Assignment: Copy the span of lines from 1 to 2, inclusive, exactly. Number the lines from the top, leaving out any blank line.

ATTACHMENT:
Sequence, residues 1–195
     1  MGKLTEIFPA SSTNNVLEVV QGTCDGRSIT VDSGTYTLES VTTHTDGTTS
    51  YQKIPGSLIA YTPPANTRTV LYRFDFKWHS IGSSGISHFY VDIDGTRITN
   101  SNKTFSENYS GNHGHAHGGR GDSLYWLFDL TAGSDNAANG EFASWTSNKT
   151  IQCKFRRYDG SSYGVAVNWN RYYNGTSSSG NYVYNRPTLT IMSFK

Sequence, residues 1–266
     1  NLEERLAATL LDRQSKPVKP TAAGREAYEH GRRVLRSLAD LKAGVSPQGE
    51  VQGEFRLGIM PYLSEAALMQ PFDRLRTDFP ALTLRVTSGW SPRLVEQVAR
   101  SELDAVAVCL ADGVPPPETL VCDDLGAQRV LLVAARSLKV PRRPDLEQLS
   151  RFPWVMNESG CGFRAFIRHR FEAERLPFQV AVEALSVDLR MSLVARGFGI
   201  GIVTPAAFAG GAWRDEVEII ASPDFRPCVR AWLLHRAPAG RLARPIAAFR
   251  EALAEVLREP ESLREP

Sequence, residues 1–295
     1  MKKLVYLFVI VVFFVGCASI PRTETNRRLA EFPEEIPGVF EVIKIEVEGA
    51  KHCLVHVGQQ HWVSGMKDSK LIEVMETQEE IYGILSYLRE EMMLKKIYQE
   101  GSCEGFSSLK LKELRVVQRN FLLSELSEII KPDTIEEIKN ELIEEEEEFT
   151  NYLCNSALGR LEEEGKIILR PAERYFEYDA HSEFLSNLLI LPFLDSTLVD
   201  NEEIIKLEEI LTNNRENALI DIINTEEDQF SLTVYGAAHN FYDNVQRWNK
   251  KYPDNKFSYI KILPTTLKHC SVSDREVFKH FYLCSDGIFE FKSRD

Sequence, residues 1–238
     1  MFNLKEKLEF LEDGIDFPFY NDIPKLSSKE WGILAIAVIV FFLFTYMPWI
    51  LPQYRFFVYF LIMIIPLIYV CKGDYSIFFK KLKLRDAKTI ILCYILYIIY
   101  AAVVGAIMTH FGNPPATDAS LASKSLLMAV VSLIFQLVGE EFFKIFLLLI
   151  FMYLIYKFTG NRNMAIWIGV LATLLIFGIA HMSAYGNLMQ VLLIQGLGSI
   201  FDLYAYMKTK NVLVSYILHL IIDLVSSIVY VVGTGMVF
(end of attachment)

Sequence, residues 1–195
     1  MGKLTEIFPA SSTNNVLEVV QGTCDGRSIT VDSGTYTLES VTTHTDGTTS